PARIS - Self-made men aren't very common in big French companies, especially at the highest executive levels. Guy Povie is an exception.
Povie joined Renault 28 years ago as a factory worker. Today he runs one of Renault's most important projects - the DP0 automatic gearbox shared with PSA/Peugeot-Citroen.
At age 12, Povie began working in a small garage near his home in Morlaix, Brittany. At 20, he received a technical degree.
'When I looked for a job I thought of carmakers,' he said. 'I started at the Renault Tracteurs plant in Le Mans as a factory worker. But three months later, I told myself that it was not the proper job for me.'
Povie got himself transferred to the plant's manufacturing methods department. It was not the last time he would change his career direction.
In 1971, he moved to Boulogne-Billancourt, Renault's historic plant in Paris. He was still an assembly worker, but he dealt with quality issues. Then he entered Renault's information systems division. For five years he was a specialist in computer-aided manufacturing management.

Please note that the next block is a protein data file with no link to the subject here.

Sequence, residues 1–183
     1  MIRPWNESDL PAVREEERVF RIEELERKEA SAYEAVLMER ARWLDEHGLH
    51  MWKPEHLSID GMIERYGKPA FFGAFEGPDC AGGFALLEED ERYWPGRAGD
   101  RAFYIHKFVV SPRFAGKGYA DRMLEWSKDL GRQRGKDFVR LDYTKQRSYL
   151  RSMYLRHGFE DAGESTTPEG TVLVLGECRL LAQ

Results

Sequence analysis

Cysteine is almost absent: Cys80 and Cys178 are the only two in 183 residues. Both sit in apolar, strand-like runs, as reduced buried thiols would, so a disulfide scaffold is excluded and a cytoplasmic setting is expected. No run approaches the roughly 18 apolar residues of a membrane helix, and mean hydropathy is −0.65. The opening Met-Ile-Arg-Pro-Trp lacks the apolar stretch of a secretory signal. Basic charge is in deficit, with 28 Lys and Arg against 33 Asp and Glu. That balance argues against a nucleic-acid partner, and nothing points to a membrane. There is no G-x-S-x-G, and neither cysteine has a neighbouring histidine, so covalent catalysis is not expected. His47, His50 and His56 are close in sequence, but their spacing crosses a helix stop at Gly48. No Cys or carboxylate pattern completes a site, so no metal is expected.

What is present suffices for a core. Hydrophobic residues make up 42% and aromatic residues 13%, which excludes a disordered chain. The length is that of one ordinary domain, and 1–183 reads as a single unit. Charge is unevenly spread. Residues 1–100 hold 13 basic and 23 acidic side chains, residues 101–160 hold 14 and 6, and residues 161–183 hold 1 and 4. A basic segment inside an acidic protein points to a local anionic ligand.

But the big change in Povie's career occurred in 1979. 'My boss thought I needed an academic education,' he said, 'so I went to the business school.'
Not just any business school, but the famed ESSEC school near Paris. Two years later he returned to take charge of financial analysis inside Renault's corporate control department. His team was responsible for scrutinizing costs and studying the expected profitability of future car models.
'I had two bosses with very strong personalities,' he said, 'first, Stephane Doblin (famed former Renault finance boss), then Louis Schweitzer.'
In 1989, Povie was chosen to enter Renault's exclusive circle of project managers, a position created by former Chairman Raymond Levy. He became one of four men in charge of mechanical components projects. His job was to manage automatic gearbox programs.
Beginning in 1992, Povie took charge of the new four-speed automatic transmission, jointly developed with PSA.
'Renault allows people like me to express themselves,' he said. 'It also gives them the opportunity to go up the ladder.'
Povie said his plant-floor experience gave him 'knowledge of the real world, some good sense, but also respect for other people.'
He says he is 'a man of action rather than an analytical person.'
'I was not a mechanical engineer,' he said, 'but you can complete a project in mechanics without knowing mechanics inside out.'
In early 1998, the DP0 program will be turned over to Gerard Albert, Povie's counterpart at PSA. How does Povie see his future?
'I would like to do something in the field of international operations,' he said. 'As a skipper (he owns a trimaran) and as a Breton, the high seas will always remain appealing.'